When flames whipped down Fountaingrove Parkway in Santa Rosa and across Mendocino Avenue on Oct. 10, they left many businesses intact but hit Wine Country Bride, a bridal-dress shop located at Cleveland Avenue and Piner Road on the second-story of a concrete-block building, with scant fuel outside.
In the hellish gale, fire may have entered a side window on the upper floor. The business entrance, with bright blue canvas awnings, remains pristine. Barely 10 feet to the left of the doorway was a poster that read, “Love is a Journey.” That poster — crisped.
Last week, police had not allowed owners David and Cirkl Janowski into their business headquarters. The shop in the partially burned building had a 14,000-square-foot showroom with thousands of dresses and tuxedoes of every hue for brides, grooms, bridesmaids, groomsmen, moms and dads. During prom season, company staff bloomed to about 15.
The wedding industry draws on cultural tradition around romantic heat. But flames that hit Janowski businesses were no hunks of Burning Love. “There was a lot of damage,” David Janowski said. “They condemned the building” until engineers deem it safe to return. Dresses that survived unburned may have smoke damage or mold from water spewed by sprinklers.
The Janowskis, accomplished dancers who juggle raising two young sons, maintain several ventures at once. They hold a biannual Wedding Expo at Luther Burbank Center. At Ellington Hall a few blocks from the burned shop, they offer dance instruction and hold wedding-related events. “Ellington is in great shape,” Janowski said, but already three weddings were canceled, including two scheduled for the weekend after the fire.
Ellington reopened late last week. Janowski held a benefit dance for fire victims on Oct. 20. Swing dance became popular during depressed times, Janowski said, and jazz music sprang “from the worst possible times in people’s lives. When things are really, really bad,” dance can release angst, he said. “People shouldn’t feel guilty rejoicing for their life.”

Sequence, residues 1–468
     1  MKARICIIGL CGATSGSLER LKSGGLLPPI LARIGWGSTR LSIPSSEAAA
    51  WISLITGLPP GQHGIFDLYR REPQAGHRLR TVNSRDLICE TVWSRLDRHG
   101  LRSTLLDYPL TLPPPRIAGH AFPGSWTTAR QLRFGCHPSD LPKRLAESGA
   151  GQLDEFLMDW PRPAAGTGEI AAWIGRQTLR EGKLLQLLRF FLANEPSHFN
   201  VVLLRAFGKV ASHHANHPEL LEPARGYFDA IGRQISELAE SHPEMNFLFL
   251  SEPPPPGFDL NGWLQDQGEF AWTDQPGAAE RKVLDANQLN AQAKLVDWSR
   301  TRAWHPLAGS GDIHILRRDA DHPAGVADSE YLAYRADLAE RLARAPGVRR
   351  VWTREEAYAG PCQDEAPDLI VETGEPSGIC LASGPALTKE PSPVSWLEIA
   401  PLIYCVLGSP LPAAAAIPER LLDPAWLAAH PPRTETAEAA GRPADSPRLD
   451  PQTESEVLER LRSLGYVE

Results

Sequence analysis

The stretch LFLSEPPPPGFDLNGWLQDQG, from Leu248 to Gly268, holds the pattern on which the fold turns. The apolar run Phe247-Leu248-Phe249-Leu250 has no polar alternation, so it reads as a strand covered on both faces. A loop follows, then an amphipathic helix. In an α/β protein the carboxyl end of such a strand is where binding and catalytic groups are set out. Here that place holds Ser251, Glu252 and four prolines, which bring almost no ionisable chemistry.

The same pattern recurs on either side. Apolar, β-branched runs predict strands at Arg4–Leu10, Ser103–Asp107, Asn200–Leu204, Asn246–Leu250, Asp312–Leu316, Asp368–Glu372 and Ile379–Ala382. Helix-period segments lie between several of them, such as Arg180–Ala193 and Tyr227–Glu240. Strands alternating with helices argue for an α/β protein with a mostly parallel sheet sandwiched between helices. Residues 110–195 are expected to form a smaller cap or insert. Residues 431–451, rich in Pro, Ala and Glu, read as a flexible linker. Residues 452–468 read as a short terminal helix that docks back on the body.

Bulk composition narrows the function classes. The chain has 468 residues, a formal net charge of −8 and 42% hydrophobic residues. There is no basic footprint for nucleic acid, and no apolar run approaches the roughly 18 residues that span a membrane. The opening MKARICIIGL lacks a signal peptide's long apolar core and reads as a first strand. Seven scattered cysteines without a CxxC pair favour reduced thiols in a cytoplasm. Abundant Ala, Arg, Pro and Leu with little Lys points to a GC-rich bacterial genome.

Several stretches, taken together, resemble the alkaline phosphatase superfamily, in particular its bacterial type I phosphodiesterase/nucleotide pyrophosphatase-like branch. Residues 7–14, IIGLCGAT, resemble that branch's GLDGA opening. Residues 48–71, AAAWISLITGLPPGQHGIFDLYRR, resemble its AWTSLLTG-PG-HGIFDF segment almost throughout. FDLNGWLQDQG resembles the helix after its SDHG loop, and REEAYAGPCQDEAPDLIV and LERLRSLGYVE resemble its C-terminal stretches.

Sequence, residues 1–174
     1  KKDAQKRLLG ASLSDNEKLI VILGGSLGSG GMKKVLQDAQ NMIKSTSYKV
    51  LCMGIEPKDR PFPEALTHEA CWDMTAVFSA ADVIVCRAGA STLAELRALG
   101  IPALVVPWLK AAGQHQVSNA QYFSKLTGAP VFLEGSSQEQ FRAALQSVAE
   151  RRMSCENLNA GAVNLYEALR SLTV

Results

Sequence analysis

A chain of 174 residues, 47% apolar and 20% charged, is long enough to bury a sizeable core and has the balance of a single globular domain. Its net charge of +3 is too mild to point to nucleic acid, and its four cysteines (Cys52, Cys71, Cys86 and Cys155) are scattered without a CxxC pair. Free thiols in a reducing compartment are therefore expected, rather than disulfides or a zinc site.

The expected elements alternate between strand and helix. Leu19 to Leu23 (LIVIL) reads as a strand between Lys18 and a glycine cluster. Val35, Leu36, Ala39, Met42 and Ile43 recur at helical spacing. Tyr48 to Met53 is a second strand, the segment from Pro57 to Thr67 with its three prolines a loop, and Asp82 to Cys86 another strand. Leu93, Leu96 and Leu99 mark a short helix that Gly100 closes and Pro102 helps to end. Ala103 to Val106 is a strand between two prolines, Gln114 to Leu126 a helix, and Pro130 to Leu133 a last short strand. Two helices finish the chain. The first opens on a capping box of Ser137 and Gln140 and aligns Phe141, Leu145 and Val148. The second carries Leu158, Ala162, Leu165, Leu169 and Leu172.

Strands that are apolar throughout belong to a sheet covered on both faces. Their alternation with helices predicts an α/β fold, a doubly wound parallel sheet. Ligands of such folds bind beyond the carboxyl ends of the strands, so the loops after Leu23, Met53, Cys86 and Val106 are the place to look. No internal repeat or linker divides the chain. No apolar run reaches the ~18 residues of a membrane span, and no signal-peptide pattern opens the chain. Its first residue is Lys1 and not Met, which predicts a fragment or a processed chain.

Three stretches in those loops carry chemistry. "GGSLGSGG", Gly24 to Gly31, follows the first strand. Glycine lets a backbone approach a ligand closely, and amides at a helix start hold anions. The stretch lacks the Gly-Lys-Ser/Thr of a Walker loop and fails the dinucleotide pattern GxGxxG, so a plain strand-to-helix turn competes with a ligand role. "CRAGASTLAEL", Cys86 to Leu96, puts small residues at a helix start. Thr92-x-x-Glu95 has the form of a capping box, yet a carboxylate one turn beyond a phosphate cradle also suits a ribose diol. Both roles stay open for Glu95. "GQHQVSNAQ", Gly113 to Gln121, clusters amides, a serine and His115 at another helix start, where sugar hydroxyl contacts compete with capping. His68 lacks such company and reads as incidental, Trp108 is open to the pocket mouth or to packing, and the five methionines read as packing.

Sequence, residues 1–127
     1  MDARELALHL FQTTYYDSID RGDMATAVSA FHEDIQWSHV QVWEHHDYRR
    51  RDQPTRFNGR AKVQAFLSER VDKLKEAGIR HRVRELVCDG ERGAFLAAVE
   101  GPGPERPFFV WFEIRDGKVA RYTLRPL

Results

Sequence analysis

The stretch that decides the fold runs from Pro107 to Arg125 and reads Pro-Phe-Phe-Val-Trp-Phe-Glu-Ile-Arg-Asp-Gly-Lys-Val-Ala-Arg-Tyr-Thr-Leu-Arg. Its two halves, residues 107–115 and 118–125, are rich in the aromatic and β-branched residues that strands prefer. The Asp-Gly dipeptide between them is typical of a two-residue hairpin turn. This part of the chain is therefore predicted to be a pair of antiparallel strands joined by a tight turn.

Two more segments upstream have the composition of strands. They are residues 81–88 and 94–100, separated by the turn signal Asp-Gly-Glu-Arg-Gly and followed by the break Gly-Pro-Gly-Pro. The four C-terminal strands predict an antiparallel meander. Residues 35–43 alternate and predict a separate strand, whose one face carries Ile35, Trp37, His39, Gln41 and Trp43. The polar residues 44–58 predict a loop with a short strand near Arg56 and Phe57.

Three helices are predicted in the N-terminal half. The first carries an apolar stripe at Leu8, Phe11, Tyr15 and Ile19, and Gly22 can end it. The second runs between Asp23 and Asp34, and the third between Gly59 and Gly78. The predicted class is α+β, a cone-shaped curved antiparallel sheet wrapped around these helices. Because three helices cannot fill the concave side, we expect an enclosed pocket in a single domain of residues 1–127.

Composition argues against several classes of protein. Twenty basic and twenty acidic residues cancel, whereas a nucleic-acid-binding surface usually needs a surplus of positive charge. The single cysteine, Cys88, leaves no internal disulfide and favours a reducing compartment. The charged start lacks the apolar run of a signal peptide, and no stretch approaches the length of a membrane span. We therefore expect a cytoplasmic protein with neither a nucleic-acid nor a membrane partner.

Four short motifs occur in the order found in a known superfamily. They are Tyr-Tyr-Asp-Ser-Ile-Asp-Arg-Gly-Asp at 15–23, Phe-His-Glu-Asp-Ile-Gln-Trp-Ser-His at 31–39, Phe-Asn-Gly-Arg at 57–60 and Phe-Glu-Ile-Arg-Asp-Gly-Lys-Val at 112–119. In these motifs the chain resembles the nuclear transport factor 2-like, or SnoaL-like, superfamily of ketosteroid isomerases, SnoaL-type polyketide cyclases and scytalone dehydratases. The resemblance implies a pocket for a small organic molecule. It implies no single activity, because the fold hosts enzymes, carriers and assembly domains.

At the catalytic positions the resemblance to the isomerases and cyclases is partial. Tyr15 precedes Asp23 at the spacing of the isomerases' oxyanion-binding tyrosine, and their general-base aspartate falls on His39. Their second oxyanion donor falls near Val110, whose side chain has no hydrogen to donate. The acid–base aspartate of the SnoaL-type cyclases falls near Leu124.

The company’s billboard along Highway 101 to promote swing dancing was damaged when fire crossed six lanes. Valerie Evans, owner of the property where the billboard is located, died in the flames. Evans, 75, a lover of animals, had horses, goats, dogs and a black-and-white bull. “Everybody talked about that bull,” Janowski said. “I heard that the bull made it.” Evans perished while trying to save her animals.
“We are letting the shop go at this point,” he said. “We don’t think we are going to have a business when this is over.”
Wine Country Bride reached out to nearly 200 clients. “We don’t need our shop to take care of customers,” he said. “We are already working to help them. We are opening a pop-up office and shipping out dresses that were on order and hadn’t made it to the store. Every bride will have a wedding dress to walk down the aisle — 100 percent perfect.”
Trauma affects people in various ways. Some customers express trauma with anger and sadness, including concerns about money, Janowski said. “Some people have been able to fill themselves with love,” he said, “rejoicing that we are safe. After finding that Valerie died, it gives a whole new perspective. Fill yourself with joy.”
James Dunn covers technology, biotech, law, the food industry, and banking and finance. Reach him at: firstname.lastname@example.org or 707-521-4257